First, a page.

For example, we do things like hosting a songwriting event every year, and we have aggressively worked with artists and record companies in the past. We realize that a team, much like a band, is about some degree of compromise and helping each other to get on the same wavelength so we can move forward. I believe that there are very legit reasons why artists have decided to part ways with their record companies. In our case, it was directly related to corporate mergers that put us on a rap label. Ultimately, it was like pulling teeth to make music, and to be completely candid, it could have completely killed our career. We could have had no fans left based on the speed at which they were motivated to help us finish a record.
Also, the kind of constant insecurity that was coming from their side of things, being very unsure about what the direction of the record should be. When you submit three times the amount of songs for a record that you’ve submitted for the two previous records before that, and those records have sold millions of copies… [We] have a pretty clear process and we’re not just handing them a garage demo and saying, “Hey, here’s a song, it’s three chords, and we’re not really sure about the verse yet!” I mean, this is polished stuff and they’re still very confused and they don’t know what to tell you… that is a sign that something is not working.
STARPOLISH: You guys had already proven yourself time and time again with both the sales of your first album Middle of Nowhere and its follow up This Time Around. I’ve seen the documentary, Strong Enough to Break, that the band did during the making of your first independent release ,Underneath, and it actually ended up documenting your split from Island Def Jam, as you just mentioned. What was it like making that documentary, having that period of your life filmed? Did you start out knowing you were gonna break away, or was it just to document the recording of the album?
HANSON: Well, we started out very very young and I think in a lot of ways people were very unfamiliar with what Hanson’s creative process was. We felt like with the making of the album Underneath, we really wanted to document our creative process and really show people what Hanson was like in the studio and how involved we have always been. We wanted to let people inside of our heads in some form or another. That’s where it started–it was, “This will be a cool way to show both fans and non fans alike what Hanson is about on a creative level.” It turned into a lot more than that, but it started out that way. It ended up being almost a four-year process and it went from the making of a record to the making of a record company.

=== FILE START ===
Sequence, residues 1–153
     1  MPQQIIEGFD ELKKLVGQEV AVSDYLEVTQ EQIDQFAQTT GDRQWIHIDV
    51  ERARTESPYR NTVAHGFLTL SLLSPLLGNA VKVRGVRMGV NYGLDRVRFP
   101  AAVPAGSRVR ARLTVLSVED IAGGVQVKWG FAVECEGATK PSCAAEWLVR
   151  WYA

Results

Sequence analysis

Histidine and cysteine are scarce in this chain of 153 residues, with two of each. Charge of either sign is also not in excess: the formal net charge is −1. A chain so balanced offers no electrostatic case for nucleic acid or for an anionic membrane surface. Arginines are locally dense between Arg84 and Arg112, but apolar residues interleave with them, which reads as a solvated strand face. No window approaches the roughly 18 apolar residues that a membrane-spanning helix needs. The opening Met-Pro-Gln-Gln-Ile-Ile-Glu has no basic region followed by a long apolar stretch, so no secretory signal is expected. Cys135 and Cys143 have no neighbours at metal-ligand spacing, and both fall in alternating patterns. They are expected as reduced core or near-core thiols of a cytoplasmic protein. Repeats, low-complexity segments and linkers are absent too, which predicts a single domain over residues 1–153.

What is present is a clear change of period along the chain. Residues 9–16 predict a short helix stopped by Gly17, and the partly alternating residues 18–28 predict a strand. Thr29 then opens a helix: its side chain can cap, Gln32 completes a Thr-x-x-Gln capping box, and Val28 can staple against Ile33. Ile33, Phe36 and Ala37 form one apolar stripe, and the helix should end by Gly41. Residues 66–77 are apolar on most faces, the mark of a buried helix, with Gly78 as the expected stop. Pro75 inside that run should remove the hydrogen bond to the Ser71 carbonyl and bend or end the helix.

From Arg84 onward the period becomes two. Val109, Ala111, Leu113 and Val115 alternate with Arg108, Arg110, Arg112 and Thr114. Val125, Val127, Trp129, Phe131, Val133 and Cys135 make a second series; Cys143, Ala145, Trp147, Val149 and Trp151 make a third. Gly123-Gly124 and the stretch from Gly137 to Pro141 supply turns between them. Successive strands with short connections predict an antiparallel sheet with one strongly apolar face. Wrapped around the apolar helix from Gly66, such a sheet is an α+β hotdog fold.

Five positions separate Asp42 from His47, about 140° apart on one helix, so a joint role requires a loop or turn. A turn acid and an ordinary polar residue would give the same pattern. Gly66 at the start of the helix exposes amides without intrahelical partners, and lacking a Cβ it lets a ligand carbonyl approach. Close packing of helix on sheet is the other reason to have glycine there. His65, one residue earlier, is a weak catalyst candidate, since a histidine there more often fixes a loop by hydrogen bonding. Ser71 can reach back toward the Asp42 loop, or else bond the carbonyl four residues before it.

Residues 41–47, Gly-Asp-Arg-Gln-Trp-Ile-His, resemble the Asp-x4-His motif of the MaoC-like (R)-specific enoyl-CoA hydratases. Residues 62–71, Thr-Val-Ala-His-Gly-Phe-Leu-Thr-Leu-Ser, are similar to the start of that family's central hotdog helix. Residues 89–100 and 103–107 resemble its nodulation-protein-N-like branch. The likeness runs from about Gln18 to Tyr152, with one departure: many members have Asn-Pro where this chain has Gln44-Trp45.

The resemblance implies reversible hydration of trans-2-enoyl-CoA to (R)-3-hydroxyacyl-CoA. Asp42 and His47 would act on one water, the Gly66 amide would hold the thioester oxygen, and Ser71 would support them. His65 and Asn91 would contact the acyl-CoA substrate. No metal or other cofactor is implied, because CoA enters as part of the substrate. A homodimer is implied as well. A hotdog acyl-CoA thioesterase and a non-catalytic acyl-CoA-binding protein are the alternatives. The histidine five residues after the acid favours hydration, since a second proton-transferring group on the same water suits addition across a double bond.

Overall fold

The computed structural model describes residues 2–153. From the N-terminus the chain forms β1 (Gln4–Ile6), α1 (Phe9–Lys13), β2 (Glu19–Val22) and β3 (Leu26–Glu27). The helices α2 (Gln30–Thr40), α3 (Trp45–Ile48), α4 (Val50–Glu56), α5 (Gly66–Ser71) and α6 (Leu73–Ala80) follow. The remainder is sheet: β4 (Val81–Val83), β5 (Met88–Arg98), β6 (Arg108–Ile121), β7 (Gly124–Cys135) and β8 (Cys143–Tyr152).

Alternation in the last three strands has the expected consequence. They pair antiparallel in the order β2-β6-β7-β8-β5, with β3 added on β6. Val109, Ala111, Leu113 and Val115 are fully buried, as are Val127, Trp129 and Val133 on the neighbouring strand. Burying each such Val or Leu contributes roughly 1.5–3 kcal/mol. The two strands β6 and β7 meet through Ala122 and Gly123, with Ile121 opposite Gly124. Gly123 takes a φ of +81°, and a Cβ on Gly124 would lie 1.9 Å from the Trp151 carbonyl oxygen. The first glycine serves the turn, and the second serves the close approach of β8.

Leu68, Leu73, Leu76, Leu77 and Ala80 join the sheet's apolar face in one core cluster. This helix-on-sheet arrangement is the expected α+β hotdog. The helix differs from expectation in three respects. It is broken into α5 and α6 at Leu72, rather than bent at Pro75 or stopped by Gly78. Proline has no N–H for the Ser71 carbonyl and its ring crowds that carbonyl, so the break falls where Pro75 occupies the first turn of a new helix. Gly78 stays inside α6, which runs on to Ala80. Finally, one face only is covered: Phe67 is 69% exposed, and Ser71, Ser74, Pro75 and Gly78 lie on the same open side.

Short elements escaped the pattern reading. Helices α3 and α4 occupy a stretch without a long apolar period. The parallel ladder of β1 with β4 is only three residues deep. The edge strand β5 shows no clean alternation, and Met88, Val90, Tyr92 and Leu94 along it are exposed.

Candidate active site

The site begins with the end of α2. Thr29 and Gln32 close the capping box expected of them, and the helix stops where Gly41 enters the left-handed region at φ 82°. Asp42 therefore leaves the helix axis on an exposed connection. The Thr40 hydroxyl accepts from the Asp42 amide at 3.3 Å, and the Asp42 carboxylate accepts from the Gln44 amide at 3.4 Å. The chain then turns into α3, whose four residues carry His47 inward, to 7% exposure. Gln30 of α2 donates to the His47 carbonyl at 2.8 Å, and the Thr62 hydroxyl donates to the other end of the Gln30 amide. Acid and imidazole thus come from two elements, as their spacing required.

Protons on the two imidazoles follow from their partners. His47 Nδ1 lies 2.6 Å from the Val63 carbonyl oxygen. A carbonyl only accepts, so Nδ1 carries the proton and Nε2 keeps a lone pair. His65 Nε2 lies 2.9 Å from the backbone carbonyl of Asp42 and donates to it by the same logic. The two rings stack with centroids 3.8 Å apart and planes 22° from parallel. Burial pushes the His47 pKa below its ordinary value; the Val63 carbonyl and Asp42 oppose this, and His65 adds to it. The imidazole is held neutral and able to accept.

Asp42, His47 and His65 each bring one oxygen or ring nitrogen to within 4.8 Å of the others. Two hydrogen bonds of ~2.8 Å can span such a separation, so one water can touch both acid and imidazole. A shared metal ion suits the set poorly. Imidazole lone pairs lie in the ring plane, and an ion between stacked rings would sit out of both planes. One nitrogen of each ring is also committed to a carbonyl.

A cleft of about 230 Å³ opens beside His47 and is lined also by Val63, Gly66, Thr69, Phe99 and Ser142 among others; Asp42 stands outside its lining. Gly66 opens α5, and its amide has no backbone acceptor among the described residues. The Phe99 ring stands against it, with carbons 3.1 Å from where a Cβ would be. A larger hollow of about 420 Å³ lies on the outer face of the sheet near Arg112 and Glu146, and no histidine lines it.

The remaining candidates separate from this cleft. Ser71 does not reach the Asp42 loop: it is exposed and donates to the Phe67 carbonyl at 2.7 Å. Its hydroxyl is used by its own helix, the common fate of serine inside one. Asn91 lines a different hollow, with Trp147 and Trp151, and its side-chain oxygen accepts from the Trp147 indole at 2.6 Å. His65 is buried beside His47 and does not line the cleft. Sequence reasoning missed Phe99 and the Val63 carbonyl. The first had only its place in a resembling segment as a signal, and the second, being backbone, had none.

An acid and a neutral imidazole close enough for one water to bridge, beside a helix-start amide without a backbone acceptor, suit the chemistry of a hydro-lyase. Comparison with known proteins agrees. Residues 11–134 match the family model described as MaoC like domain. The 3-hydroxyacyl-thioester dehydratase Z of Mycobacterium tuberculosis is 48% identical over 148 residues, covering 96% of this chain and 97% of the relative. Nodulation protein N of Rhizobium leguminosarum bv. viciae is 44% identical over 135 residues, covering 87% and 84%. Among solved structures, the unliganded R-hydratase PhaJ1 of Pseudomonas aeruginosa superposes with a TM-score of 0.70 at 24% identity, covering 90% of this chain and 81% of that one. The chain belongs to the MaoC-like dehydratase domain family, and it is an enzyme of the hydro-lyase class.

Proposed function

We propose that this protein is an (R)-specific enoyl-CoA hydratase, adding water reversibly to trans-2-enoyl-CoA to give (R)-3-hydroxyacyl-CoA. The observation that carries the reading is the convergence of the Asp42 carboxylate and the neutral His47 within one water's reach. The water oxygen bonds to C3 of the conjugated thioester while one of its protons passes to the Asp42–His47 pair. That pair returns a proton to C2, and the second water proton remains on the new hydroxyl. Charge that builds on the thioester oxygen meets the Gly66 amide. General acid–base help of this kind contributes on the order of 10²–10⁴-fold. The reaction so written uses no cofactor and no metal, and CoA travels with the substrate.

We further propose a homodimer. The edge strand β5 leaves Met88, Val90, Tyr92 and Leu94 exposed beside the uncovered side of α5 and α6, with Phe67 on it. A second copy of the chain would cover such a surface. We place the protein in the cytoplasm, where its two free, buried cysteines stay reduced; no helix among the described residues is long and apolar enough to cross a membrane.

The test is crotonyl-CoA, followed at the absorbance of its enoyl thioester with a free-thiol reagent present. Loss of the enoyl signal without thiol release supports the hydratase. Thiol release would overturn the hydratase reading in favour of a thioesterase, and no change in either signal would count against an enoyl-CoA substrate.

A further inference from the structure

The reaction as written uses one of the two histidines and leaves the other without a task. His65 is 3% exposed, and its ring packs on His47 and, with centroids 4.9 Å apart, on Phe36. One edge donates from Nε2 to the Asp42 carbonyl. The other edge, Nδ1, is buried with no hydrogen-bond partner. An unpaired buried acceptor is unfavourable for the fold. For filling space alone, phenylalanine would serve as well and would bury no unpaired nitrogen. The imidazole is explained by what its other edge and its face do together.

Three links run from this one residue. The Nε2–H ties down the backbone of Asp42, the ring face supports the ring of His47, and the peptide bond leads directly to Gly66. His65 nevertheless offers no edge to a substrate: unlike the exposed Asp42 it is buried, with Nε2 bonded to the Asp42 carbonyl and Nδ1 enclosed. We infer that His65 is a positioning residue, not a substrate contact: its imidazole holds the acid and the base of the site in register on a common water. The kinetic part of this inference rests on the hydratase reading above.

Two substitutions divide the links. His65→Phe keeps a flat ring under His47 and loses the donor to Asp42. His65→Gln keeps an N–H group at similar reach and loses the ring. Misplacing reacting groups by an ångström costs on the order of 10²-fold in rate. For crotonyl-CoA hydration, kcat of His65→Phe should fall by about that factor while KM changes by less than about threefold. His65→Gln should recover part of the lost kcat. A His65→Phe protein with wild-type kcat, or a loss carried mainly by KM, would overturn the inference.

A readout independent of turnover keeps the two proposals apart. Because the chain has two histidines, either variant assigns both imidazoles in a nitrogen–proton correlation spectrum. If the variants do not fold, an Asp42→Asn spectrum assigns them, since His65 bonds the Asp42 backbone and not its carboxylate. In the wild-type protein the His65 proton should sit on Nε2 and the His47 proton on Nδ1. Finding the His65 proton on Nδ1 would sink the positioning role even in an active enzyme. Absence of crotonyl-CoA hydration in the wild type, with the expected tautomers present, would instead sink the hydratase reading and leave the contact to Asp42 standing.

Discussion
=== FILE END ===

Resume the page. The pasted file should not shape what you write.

STARPOLISH: It was heartbreaking to watch you guys suffer with these great songs and see you kept getting rejected and rejected. Did you tour with the film? I believe you showed it on college campuses?
HANSON: Yes we did.
STARPOLISH: How do you guys handle the responsibilities that are typically handled by a major label, things like marketing, and hiring management? Do you split them up the tasks, and do you network people in from other places?
HANSON: Well ,we do a combination of all those things. First of all, being in a band and touring is not a job for the faint of heart, especially when you’re dealing with as many tasks as you have to deal with when you’re doing band and the record company jobs. So on some level, I would not encourage everyone to be like “You know, I should do this. I should start a record company!”
But ironically, before I go any further, I would say that I think the future of the music business is in some form or another allowing independent, local, regional acts to continue to do the kind of things they are doing all the time , but giving them broader distribution and channels to reach fan bases, to reach people, to connect with other artists, to schedule tours on their own, to find ways for them to in manage their own careers.
I think the reason why I believe that’s true is because artists do it. They do it when they’re starting out. And that’s part of how you prove whether or not you can actually make it happen. I think many artists are running their own record companies on a smaller scale, playing in their local clubs several times a week in the local town or region where you’re from.
So I guess you could say what we do is that times ten. You’re dealing with coordinating press, you’re making sure that the people who are on your team are doing the job and checking off the lists and everything is dealt with. You’re making sure that you have products in stores across the Unites States. We divide it up between the three of us in various ways, but it’s quite a task, no doubt about it.
STARPOLISH: I like the point that you brought up that it’s not that easy to just do this. There could be a misconception that you just break away from a label and it will be fine. It is hard work still, and it’s harder without someone helping you.